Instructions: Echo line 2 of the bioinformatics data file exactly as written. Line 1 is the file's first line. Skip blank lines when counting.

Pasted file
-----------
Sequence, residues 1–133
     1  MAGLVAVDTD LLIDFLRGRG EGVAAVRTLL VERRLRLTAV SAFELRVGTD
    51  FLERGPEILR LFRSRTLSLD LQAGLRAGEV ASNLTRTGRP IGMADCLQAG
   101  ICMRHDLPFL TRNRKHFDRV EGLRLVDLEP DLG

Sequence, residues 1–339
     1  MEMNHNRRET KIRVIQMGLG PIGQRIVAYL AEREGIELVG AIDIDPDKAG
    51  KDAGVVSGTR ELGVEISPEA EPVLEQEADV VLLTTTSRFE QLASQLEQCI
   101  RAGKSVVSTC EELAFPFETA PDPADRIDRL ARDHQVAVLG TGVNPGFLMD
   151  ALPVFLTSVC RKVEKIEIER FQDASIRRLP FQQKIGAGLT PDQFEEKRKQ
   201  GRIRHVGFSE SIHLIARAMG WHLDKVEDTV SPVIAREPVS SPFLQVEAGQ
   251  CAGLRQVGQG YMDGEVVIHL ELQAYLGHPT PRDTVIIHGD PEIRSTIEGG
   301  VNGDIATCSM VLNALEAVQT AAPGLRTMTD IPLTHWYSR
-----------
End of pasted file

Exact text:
     1  MAGLVAVDTD LLIDFLRGRG EGVAAVRTLL VERRLRLTAV SAFELRVGTD